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Constitutional Theory and the Meaning of "Invasion"

Leading constitutional law scholars Larry Solum and Mark Tushnet opine on how we might answer this question.


What a real invasion looks like. Russian armored vehicle in Ukraine. March 2022. (NA)


Some conservatives have argued that illegal migration and drug smuggling across the southern border qualify as "invasion" under the Constitution. This issue is currently being litigated in two cases before the US Court of Appeals for the Fifth Circuit. Two leading constitutional theorists—Larry Solum (University of Virginia) and Mark Tushnet (Harvard)—have recently written posts outlining how constitutional theory could be used to address the meaning of "invasion."  Here's an excerpt from Tushnet's post:

What are we to make of the term "invasion," which occurs three times in the Constitution (in the habeas-suspension clause, in the Compact Clause [as "actually invaded"], and in Article IV)? The term has its place in contemporary conservative discourse, which characterizes what's happening at the US southern border as an invasion. One can imagine a Trump administration suspending habeas in connection with those who cross the border without authorization. Conservatives might assert that Article IV places a duty on the United States to protect states against invasions (one of which is occurring) and that the President's failure to do so provides the basis for impeaching him for failing to take care that the laws be faithfully executed. (At least one impeachment resolution invokes this theory.)

Is this an example of (a) impermissible linguistic drift or (b) permissible specification of vague constitutional terms within the bounds of reasonable interpretive flexibility? I did some quick and dirty research (this is a blog post, after all), and came up with this. The 1785 edition of Samuel Johnson's dictionary defines "invasion" as "a hostile entrance upon the rights or possessions of another," and provides four illustrations, of which two involve invasions by organized military forces of hostile nations (and the other two of which seem to me metaphorical). Noah Webster's 1828 dictionary's first definition is: "a hostile entrance into the possessions of another; particularly, the entrance of a hostile army into a country for the purpose of conquest or plunder, or the attack of a military force. The north of England and south of Scotland were for centuries subject to invasion each from the other. The invasion of England by William the Norman was in 1066."

My real puzzle isn't about "the" answer to the question posed in the preceding paragraph. (About 15 years ago I suggested, in passing, that the September 11 attacks could plausibly be characterized as an invasion for purposes of habeas suspension, thus assuming that organized attacks by a hostile non-state actor could count as an invasion. What about the ISIS-influenced attack by a single individual at Fort Hood years later?) The puzzle is about how to think about figuring out the answer.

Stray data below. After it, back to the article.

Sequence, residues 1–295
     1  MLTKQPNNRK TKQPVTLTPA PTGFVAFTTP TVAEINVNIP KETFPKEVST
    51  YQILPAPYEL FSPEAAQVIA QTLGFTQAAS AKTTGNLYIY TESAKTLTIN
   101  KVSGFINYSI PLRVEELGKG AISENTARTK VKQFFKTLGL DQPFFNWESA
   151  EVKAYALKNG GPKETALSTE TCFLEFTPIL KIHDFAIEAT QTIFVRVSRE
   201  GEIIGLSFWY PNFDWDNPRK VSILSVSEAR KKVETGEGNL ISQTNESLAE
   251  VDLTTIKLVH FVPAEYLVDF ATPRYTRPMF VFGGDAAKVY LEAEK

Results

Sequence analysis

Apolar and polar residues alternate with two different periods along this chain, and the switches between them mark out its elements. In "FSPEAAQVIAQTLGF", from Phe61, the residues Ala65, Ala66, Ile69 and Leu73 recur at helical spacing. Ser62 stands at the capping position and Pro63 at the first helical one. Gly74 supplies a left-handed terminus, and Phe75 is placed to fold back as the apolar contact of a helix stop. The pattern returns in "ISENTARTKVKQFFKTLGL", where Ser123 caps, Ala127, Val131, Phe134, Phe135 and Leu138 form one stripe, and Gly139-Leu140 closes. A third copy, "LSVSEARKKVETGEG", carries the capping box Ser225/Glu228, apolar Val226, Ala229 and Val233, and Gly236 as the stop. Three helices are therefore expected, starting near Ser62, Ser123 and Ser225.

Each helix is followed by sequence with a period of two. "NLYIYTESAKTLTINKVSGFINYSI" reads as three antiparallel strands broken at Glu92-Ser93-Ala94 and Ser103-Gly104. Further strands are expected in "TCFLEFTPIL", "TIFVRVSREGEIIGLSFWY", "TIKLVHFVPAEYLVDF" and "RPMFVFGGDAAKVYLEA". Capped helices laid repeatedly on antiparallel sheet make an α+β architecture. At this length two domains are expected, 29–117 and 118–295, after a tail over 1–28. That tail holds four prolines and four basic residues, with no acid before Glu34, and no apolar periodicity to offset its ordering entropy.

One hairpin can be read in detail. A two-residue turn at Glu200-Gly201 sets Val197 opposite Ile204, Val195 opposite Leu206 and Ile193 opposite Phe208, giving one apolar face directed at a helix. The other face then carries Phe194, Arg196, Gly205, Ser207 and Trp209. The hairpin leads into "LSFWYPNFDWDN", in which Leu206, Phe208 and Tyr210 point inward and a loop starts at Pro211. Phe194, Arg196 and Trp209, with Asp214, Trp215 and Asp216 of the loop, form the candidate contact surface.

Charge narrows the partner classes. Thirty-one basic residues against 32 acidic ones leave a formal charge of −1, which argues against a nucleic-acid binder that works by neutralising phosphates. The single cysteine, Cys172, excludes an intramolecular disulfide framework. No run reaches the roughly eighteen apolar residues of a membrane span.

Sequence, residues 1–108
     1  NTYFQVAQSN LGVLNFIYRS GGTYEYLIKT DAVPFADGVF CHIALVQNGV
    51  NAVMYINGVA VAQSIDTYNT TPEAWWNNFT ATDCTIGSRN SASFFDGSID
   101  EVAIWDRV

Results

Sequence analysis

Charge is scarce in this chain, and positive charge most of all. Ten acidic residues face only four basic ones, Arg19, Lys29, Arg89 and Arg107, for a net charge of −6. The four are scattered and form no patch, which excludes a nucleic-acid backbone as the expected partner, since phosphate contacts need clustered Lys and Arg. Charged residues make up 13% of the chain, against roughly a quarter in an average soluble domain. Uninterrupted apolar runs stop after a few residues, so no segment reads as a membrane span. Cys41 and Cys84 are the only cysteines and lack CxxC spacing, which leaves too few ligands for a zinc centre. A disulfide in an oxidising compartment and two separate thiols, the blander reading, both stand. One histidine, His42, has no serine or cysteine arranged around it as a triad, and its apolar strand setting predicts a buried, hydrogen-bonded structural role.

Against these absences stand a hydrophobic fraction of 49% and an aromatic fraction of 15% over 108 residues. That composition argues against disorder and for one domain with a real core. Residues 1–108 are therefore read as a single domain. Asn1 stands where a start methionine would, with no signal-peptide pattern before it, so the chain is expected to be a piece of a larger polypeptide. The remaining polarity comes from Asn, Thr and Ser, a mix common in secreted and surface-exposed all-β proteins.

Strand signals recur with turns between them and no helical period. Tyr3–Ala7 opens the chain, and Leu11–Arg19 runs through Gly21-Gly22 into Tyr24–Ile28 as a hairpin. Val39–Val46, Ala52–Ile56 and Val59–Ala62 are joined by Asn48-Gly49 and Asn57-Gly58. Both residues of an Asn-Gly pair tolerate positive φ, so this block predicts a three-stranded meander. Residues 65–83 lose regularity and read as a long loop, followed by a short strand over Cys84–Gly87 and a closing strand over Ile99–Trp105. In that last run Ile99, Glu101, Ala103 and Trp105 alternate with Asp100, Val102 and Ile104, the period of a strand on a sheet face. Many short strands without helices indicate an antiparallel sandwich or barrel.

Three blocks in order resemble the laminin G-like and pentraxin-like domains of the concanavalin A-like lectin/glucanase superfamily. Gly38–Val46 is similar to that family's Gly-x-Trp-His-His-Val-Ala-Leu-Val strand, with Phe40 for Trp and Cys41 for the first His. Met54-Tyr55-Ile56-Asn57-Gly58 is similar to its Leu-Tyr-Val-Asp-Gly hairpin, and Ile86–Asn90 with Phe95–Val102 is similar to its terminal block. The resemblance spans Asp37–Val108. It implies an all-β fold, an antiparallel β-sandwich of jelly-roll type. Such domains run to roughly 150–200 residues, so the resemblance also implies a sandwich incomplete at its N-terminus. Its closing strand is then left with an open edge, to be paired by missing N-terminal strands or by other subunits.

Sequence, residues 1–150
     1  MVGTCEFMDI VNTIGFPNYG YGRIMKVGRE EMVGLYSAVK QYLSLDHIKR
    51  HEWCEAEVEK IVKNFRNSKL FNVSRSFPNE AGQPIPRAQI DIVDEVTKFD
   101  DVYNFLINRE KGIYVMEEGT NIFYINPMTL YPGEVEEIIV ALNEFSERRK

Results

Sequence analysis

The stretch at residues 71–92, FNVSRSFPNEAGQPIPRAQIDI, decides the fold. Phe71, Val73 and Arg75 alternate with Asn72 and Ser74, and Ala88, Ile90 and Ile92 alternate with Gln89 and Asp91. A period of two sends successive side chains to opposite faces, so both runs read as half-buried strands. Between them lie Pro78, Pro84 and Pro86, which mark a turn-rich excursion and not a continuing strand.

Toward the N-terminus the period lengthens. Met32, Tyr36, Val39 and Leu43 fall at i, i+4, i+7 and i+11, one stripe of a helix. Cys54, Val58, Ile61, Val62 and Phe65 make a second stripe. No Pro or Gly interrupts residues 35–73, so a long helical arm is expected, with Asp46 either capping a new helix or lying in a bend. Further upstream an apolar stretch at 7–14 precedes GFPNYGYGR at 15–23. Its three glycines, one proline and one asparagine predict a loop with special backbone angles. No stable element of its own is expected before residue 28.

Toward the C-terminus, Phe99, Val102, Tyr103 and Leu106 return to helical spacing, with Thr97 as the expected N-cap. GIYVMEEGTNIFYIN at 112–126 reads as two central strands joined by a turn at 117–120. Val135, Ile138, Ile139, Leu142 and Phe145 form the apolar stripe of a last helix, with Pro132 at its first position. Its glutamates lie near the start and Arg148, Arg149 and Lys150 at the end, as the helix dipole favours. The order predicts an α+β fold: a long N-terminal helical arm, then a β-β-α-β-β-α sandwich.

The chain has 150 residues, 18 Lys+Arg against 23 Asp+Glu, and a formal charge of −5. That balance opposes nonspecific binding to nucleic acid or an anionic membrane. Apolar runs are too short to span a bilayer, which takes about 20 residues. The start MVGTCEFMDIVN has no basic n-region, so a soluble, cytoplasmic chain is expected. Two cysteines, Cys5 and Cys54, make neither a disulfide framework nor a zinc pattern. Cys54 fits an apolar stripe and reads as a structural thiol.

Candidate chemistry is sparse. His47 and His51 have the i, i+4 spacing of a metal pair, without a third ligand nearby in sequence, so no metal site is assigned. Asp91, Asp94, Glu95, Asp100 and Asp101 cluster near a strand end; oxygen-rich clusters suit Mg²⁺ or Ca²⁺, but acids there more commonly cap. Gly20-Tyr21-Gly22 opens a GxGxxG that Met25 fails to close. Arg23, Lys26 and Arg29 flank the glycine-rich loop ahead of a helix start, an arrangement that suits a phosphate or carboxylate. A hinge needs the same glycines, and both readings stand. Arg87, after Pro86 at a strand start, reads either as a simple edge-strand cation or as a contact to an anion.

I actually don't think the issue here is particularly difficult. Both at the time of the Founding and today, "invasion" usually means an organized armed attack, but also has secondary meanings, many of which are more metaphorical. Which one is relevant in a given case depends on the situation.

The use of "invasion" in the Constitution is an example of how the meaning of a potentially ambiguous word becomes clear in context. In other situations, "invasion" can sometimes mean a mere intrusion on rights (e.g.—"invasion of privacy"), or even just a metaphorical conflict, like the 1960s "British Invasion" of UK rock bands coming to perform in the US.

In the context of giving states the right to "engage in war" in response (which the Constitution authorizes a state to do in the event it is "actually invaded"), suspending the writ of habeas corpus (which the federal government can do if there is an "invasion"), and other relevant features of the Constitution,  it is limited to organized armed attacks.  Founding-era evidence supports this position. For more detail see my Lawfare article on this subject, and the amicus brief I filed in one of the Fifth Circuit cases on behalf of the Cato Institute and myself.

Solum's post is more extensive and detailed, and cannot easily be summarized. Anyone interested in this topic should read the whole thing! Here, I will only note that Solum emphasizes that, from an originalist perspective, "we would not want to focus solely on the word 'invasion.' Instead, we would aim to determine the meaning of whole clauses and articles in the context."

I agree completely! It is the context, particularly the wording of the clauses where the word appears, that ultimately determines the meaning of "invasion" in the Constitution. And the context makes clear that it is limited to organized armed attacks, and does not cover illegal migration, drug smuggling, and the like.

I think this context is also decisive from the standpoint of living constitutionalism. No plausible living constitutionalist theory would allow states to start a war over illegal migration or drug smuggling, without the authorization of the federal government. Nor would it give the federal government a blank check to suspend the writ of habeas corpus any time such things happen. As noted in my article and amicus brief, the latter power would not be limited to detaining undocumented migrants, but would cover US citizens and legal residents, as well.

I am planning to write an academic article on the meaning of "invasion," where I will address these issues in greater detail.

UPDATE: I initially neglected to include a link to Larry Solum's post. That error has now been corrected.